It's a Rich Man's World

"SOS issued for original ABBA jumpsuit"

www.abc.net.au/news/stories/2009/09/18/2689450.htm


Student refectory discussion

College at present - there is some interesting preliminary talk going on about re-opening the cafeteria.  It closed last year as the people who were running it wanted to leave and no one else to take it on.  It had been run as a catering business with a side business of selling food to students, as it was not deemed viable to run solely as a business within the college.

However since then all there has been is some food machines that sell dodgy questionable expensive food and make the place feel empty and sterile.  For a while there was free tea and coffee (proper coffee) but then they got a machine for that too (it's appalling).

Last week there was a conversation between a few of us about the quality of the food, the decline of the refectory as a social facility as a result of the changes, and the general dissatisfaction with what is currently on offer.

Coming out of that, a couple of the students have bounced the idea round of opening some kind of student-run refectory service.  They are meeting this Friday to discuss it further.

I have just composed and sent off an email making some points I wish to be considered should such a service start.  I have no idea at all how extensive or limited the service might be - or what resources they have or what the college is willing to invest in it.  I have offered my services and skills in market research, interviewing and statistics (part of my previous training plus working in market research)... but also made some of my own suggestions about my personal priorities and perceptions about a student food service.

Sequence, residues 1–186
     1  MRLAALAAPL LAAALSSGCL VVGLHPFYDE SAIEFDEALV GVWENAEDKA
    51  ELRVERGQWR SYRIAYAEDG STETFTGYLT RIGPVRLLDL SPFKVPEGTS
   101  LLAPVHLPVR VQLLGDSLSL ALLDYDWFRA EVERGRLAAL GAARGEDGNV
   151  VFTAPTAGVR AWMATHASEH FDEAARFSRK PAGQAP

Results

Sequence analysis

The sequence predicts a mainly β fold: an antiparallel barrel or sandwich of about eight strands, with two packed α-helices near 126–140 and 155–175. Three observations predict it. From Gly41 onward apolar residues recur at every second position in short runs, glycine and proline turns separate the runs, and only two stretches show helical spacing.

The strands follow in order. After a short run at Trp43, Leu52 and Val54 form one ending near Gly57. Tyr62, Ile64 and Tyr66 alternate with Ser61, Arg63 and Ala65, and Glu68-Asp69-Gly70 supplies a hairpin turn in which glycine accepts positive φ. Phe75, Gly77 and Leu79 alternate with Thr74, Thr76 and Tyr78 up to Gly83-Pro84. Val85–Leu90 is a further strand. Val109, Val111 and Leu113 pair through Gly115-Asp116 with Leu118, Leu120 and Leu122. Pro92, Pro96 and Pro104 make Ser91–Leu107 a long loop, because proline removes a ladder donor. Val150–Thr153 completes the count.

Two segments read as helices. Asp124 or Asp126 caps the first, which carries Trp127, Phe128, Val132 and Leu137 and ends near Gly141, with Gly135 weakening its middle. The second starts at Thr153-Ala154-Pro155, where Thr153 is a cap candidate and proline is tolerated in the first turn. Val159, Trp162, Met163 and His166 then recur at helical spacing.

I'm wondering if anyone wishes to comment on what might work or be valuable to consider, given that this is a small college with both part time and full time, young and mature students, there are places to buy food in the surrounding suburb but it's a bit trendy and expensive,  and there is lots of bad feedback about the food machines.    I am interested particularly to hear of/from anyone who's been involved with a student-run food service or co-op, either as a worker or consumer.  But also what you would like if you were a student at this college...  

New shoes of purpleness

I have cool shoes.  They are very pleasing.

I am massively impressed by the shop and the sales person who totally did not try to 'sell' but listened to what I want, listened to my feedback about how the shoes were fitting and understood that something I slipped out of was not going to work.

And I ended up with this: www.zappos.com/n/p/p/7372106/c/7.html in the colour "serrano viola kombi".  I am totally pleased and fulfilled - don't think I could have found anything better given what I was looking for originally.

I am amazingly stable when I stand or walk in them.

Seal holds up chocolate factory workers

Mostly we don't actually have kangaroos hopping around the main street of town. Contrary to some popular opinions.